Mr. Gray and Mr. Schmeltz were each charged with deprivation of rights under the color of law, two counts of falsification of a document, and one count of making false statements. A second charge of deprivation of rights under the color of law was filed against Mr. Gray, who faces life in prison if convicted.

Captain McBroom was charged with one count each of making false statements and misprision of a felony and faces up to three years in prison.

Mr. Schmeltz faces a maximum sentence of 10 years in prison.

Attorney Rick Kerger, who is representing Sheriff Telb, pointed out that two internal investigations were conducted one at the time of Mr. Benton s death and a second last year after a tip reopened the case. He said that in both cases, the investigation showed that no homicide occurred and so no criminal charges were pursued.

It basically means covering up a crime, which is hard to say when the sheriff s office conducted two investigations, Mr. Kerger said of the charge of misprision of a felony.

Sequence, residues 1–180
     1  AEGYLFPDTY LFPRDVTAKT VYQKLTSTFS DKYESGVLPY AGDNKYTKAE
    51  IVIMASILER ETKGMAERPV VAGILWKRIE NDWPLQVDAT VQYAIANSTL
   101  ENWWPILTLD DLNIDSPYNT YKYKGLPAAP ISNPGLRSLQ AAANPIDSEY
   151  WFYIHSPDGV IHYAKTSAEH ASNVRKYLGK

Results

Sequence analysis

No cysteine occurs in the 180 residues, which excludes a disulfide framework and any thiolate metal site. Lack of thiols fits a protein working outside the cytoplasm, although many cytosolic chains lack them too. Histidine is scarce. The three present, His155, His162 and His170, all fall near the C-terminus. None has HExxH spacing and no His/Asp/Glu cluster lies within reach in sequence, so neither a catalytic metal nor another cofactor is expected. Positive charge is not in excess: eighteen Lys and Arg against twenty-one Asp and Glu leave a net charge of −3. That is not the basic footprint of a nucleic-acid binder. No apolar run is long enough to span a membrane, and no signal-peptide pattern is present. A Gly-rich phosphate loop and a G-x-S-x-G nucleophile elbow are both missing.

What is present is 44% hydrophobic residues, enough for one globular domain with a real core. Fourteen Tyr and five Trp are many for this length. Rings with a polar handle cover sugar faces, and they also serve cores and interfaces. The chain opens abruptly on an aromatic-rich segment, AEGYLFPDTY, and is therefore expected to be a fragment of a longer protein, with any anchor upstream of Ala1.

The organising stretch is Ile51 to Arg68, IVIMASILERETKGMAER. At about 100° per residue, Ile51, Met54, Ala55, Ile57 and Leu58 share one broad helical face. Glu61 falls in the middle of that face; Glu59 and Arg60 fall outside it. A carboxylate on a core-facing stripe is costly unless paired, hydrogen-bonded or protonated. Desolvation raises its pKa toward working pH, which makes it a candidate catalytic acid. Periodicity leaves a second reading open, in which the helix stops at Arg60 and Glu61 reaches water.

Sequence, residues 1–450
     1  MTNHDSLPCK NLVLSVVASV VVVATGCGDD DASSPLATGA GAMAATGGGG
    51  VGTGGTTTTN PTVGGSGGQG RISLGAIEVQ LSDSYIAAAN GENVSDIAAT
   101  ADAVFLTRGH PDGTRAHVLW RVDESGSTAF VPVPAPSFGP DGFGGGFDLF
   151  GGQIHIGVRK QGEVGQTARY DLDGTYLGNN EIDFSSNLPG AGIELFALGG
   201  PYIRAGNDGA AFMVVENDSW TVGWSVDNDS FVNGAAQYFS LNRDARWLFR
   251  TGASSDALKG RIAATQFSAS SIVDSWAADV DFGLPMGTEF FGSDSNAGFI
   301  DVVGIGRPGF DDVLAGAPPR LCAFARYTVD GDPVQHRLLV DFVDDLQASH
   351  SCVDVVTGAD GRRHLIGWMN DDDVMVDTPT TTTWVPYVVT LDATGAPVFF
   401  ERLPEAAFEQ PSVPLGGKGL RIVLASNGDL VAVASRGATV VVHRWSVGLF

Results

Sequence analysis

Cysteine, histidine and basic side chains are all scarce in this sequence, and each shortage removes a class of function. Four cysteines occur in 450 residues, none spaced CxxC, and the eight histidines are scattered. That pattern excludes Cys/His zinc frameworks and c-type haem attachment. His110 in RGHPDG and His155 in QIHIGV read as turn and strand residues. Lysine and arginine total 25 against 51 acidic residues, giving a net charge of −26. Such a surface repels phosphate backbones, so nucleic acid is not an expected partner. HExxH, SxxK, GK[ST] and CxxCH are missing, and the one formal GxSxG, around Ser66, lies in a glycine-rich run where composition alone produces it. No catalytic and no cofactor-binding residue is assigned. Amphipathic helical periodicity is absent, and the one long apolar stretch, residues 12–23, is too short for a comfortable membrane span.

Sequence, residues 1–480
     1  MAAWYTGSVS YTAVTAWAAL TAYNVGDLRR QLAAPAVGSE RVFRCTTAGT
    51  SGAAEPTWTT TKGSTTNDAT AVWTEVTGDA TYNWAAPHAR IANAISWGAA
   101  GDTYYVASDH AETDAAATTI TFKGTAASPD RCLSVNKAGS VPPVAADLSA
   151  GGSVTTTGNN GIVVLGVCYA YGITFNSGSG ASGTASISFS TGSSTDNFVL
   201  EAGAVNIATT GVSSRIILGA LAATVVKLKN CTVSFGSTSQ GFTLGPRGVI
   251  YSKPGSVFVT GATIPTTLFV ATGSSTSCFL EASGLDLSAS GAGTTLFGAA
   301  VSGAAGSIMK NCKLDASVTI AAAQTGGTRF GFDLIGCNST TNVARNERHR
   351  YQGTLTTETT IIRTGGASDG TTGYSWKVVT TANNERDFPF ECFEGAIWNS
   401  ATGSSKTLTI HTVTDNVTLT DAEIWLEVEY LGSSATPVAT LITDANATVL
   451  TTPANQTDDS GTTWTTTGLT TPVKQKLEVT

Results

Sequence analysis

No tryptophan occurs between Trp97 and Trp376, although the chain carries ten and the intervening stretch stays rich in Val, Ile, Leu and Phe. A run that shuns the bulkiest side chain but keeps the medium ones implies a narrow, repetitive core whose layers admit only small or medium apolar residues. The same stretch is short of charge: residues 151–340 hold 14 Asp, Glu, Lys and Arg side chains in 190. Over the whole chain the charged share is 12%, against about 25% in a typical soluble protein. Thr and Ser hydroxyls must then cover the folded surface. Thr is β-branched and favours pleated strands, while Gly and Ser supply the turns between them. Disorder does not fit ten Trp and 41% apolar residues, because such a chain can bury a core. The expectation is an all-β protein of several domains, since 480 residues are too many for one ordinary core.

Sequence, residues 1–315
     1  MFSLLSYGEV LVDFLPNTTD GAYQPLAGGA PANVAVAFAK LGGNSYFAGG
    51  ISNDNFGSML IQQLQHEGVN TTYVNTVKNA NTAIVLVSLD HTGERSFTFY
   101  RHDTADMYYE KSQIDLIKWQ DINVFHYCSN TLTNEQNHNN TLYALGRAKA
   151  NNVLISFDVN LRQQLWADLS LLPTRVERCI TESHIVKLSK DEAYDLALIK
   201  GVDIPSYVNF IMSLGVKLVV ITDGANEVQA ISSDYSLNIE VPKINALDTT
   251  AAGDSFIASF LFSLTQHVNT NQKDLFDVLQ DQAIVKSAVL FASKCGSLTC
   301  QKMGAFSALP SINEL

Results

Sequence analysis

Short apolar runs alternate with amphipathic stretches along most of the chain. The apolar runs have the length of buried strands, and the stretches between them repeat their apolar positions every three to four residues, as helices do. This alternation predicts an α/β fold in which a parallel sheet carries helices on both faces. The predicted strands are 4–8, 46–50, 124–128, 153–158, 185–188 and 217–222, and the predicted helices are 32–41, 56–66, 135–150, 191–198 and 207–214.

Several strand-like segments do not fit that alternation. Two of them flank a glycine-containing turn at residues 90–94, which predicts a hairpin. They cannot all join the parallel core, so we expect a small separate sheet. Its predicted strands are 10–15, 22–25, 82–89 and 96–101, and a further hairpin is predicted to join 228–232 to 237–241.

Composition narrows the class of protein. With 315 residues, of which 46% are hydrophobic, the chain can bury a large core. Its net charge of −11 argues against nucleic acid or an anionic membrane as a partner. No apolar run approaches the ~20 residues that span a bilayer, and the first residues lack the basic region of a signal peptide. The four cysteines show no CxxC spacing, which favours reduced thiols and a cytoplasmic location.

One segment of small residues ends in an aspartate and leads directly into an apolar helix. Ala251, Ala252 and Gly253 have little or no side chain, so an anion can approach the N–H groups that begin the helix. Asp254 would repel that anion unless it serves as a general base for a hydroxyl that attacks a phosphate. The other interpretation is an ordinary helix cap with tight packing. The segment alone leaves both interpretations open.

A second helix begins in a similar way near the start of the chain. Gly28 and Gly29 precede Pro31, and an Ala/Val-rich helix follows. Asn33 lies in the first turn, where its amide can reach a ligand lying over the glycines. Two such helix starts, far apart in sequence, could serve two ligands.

The men involved here are no spring chickens and nobody has suggested any reason to pick this incident to cover anything up. There may have been a misunderstanding, but there certainly is no wrongdoing here.

According to the indictment, Sheriff Telb is accused of making false statements to an FBI agent on July 18, 2008, when he said that he had no knowledge in 2004 that John E. Gray had used a sleeper hold on [Mr. Benton] prior to [Mr. Benton s] death. He is further accused of concealing what he knew of the incident and provided false and misleading documents to state investigators describing Mr. Gray s actions and suppressed an internal investigation into Mr. Gray s actions.

Under Ohio law, a sheriff is responsible for the neglect of duty or misconduct of his deputies if he orders, has prior knowledge of, participates in, acts in reckless disregard of, or ratifies the neglect of duty or misconduct in office of the deputy.

Ohio law also states that no one convicted of a felony, first-degree misdemeanor, or any offense involving moral turpitude may become sheriff. The statute would apply to a sitting sheriff as well.

The initial investigation into Mr. Benton s death was closed in 2004 after the county coroner s ruling noted that the death was natural and as a result of seizure disorder in association with bupropion [Wellbutrin] use.